The people who ran the steam engines on the Shenandoah Line were held in high esteem. Engine drivers, officially known as engineers, were also commonly referred to as "hog-heads," "hog-jockeys," "grunts," and "eagle eyes."   "Ashcats" were firemen. And "gandy dancers" were track workers, named after the Gandy company who made their tools.  

Being an engineer was a much sought after occupation.  Comparable to a modern day astronaut, during the era of steam engineers were highly respected citizens, responsible for the most sophisticated piece of technology at that time.  And, like astronauts, when an engineer was killed in a accident it made national news.  According to USA by Rail By John Pitt, engineers "made good money, saw new and glamorous places, and was admired by small boys and women everywhere."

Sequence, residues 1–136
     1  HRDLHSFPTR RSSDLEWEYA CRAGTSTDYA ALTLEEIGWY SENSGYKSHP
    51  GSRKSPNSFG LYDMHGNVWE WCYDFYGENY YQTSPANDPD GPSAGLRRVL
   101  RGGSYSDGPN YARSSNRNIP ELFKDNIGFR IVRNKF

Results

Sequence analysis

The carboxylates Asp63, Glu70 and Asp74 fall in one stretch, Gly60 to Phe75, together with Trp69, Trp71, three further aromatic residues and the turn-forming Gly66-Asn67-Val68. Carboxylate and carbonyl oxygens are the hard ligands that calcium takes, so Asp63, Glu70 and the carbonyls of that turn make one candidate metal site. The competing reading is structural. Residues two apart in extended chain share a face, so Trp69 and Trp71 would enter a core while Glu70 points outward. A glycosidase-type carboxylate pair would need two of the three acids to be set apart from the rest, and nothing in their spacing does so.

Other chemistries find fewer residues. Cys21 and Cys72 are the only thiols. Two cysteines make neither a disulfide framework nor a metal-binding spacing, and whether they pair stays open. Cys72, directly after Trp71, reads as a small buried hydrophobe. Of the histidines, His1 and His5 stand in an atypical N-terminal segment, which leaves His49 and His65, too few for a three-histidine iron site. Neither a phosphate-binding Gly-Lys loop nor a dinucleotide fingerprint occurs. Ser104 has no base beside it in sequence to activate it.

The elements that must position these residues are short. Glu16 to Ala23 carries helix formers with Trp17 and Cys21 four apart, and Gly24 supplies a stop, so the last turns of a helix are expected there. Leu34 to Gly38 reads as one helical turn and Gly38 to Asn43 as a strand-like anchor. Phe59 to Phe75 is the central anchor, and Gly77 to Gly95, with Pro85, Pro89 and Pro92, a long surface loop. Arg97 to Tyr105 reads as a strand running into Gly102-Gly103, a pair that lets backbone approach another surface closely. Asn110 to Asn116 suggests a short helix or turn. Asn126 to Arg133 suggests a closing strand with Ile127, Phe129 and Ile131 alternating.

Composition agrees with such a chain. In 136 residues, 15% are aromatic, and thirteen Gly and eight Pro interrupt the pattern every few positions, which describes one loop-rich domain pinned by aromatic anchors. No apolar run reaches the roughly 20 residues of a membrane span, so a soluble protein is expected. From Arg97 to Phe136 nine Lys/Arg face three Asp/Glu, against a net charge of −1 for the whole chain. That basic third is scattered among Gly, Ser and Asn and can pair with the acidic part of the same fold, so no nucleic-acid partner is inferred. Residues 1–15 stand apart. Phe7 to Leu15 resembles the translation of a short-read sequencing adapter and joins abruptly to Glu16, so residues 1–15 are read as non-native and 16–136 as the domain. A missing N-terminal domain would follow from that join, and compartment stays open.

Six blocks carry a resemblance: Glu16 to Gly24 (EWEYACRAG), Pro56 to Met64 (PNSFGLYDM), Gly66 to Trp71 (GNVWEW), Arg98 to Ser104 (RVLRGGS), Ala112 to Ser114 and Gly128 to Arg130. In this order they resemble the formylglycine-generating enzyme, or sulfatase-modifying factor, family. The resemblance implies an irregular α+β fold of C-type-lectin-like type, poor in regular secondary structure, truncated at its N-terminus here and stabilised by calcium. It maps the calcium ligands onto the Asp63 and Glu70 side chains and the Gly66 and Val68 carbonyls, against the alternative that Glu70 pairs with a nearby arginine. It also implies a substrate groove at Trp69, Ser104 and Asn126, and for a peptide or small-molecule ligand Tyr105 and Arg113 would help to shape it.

My great grandfather, Wendell Miller, was an engineer on the Shenandoah Line and the inspiration for this website.  His fireman, Mr. Woods, regulated the water and fire box.  He worked along side Wendell his entire career.
Subpages (1): Wendell Miller